On May 31, 1962, Adolf Eichmann, the Nazi bureaucrat who engineered the logistics of the Holocaust, and who ensured that the system worked efficiently and effectively, was hanged and cremated in Ramla, Israel. Eichmann was the first and last person to be rightfully executed by Israel’s justice system. (An officer in the 1948 War of Independence was executed that year for espionage, but was cleared on all charges a year later.)
But that might be about to change.
Over the past two weeks, Israel has experienced a considerable political reshuffling. Prime Minister Benjamin Netanyahu ousted Defense Minister Moshe Ya’alon, a member of his own right-wing Likud party, and offered the seat to Avigdor Lieberman of the far-right Yisrael Beiteinu, in exchange for the latter’s entering the ruling coalition. Ya’alon had recently angered Netanyahu by supporting the controversial statements of IDF general Yair Golan on Israel’s Holocaust Remembrance Day essentially compared right-wing Israeli extremism to rising hatred in 1930s Germany.
But this was not the primary reason Ya’alon was replaced. Rather, Lieberman and his Yisrael Beiteinu party represent six out of the 120 seats of the Knesset, Israel’s legislative body. Prior to this deal, Netanyahu’s coalition had been in charge with an extremely unstable majority, 61 out of the 120 seats, and securing Lieberman’s participation has granted the Prime Minister a much more solid base from which to rule.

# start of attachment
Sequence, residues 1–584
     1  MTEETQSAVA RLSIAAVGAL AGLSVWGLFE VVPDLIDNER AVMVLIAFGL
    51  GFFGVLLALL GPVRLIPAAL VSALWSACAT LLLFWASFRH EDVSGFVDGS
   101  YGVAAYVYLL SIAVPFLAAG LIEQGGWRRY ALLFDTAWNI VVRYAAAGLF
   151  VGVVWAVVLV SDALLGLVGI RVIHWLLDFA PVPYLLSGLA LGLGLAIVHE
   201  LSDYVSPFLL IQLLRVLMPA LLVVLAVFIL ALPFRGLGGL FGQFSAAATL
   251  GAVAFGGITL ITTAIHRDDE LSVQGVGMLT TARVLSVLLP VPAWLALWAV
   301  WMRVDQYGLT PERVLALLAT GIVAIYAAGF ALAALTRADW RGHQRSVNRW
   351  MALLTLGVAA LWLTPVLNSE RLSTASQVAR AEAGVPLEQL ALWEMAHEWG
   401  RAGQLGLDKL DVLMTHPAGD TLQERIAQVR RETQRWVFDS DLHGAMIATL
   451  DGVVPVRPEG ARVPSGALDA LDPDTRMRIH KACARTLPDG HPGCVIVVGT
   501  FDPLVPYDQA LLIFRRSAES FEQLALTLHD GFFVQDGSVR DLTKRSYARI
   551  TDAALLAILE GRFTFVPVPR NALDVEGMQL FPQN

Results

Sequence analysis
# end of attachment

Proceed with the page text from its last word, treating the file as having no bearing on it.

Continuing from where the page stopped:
Lieberman is known to many for his extremist views. He has repeatedly threatened to bomb Egypt’s Aswan Dam, has called for the deportation of Arab members of the Knesset and supports a mandatory loyalty pledge for Israeli Arabs. Most significantly, however, he believes that Israel should make it easier to grant the death penalty for terrorism. As part of the deal to join the coalition, Lieberman managed to garner Likud support for this death penalty move.
Under current Israeli law, civil courts can only hand down the death penalty during wartime, and only for crimes against humanity, war crimes, genocide or treason. The government considers the ongoing Arab-Israel conflict a war for such purposes. Military courts, however, can issue a death sentence for murders committed in the course of a terror act, but only if all three presiding judges vote in favor of this option.
Lieberman introduced a bill to the Knesset last year that proposed easing this latter requirement — only a majority of the sitting judges would have to support the death sentence. This bill was voted down, 94 to six. However, in the Occupied Territories, a military or executive order could impose this rule, bypassing the Knesset entirely. Netanyahu has reportedly agreed to this measure as part of the coalition negotiations.
What this effectively means is that Palestinian terrorists who succeed in the act can be executed by a military court, but Jewish terrorists — who are rarely tried by military courts, instead granted the privilege of trial in a civilian court — almost certainly will not. Thus, those Palestinians who commit the frequent stabbing attacks in the West Bank could be executed while the Jewish extremists responsible for the arson attack in Duma—which was carried out by a Jewish settler who was actually charged with being a member of a terrorist organization and which resulted in the deaths of almost every member of the Dawabsheh family, including an 18-month-old baby — will likely face no such penalty.